This fifth episode of the “Strengthening the Forensic Workforce” season in the National Institute of Justice’s (NIJ’s) Just Science podcast series is an interview with Dr. Robin Cotton, Director of the Master of Science Program in Biomedical Forensic Sciences at Boston University School of Medicine, and Dr. Daniele Podini, a professor in the Department of Forensic Sciences at the George Washington University, who discuss forensic biology and DNA.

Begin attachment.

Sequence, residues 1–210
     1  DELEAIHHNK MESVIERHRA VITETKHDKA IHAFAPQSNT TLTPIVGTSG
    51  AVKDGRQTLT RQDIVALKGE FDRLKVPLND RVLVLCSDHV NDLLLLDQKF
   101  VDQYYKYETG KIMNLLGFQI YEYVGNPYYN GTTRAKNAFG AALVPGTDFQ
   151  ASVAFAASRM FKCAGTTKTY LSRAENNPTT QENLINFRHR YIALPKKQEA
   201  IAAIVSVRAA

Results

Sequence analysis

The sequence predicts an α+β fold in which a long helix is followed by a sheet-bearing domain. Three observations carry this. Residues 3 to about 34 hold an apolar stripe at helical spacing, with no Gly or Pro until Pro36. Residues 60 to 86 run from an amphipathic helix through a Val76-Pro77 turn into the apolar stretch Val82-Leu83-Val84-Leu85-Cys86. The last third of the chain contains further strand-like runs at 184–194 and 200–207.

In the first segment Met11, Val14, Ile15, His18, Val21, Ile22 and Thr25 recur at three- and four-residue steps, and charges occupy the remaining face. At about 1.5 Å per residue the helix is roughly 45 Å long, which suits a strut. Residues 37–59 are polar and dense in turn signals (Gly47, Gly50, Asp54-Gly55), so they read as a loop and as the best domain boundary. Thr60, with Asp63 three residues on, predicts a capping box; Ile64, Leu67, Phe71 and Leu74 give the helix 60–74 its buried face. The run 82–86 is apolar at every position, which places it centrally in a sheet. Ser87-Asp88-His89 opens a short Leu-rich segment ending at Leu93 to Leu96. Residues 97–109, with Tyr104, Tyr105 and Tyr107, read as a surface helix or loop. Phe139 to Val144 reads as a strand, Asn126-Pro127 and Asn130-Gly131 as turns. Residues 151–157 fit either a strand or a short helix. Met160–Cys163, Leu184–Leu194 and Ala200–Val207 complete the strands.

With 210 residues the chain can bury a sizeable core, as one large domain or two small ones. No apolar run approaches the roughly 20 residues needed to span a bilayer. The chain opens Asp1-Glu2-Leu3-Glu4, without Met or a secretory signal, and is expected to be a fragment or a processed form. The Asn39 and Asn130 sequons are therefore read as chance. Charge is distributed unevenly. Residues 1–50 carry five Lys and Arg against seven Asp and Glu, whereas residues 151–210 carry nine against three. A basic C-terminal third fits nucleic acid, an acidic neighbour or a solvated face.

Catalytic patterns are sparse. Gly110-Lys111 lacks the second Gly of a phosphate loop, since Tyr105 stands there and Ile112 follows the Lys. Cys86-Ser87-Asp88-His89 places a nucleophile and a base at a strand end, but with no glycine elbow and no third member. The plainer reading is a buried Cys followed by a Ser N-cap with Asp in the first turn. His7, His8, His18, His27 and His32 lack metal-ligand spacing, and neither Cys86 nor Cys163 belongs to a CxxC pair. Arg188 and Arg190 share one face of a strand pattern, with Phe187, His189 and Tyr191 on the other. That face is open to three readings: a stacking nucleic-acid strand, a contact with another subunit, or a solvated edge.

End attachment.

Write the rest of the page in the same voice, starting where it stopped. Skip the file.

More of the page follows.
An introductory note indicates “forensic biology” can be described as “the application of biochemistry and cellular biology to solve forensic problems.” These techniques have evolved over the years with increasing sensitivity, are routinely used to identify individuals through DNA, and provide information on biological materials present at a crime scene. In this interview, Dr. Cotton and Dr. Podini discuss their career paths, the importance of criminal law and ethics training, and the value of student research that involves statistical analysis and interpretation. After noting that the field of forensic biology encompasses more than just DNA, the interviewer asks Dr. Cotton and Dr. Podini to define forensic biology. They agree that it is the application of the scientific knowledge of biology to a forensic matter or issue. The interview then turns to descriptions of their universities’ forensic biology and DNA programs, both of which have received accreditation from the Forensic Science Education Programs Accreditation Commission (FEPAC). Both programs require a criminal law and or ethics course, which ensures that the work on a case in the lab is presented clearly and properly as relevant evidence in a legal proceeding. Another aspect of both curricula is the performance of statistical analysis of DNA evidence to show the frequency of a DNA profile and the chance of observing that profile if the suspect is included rather than if it is someone else in the population.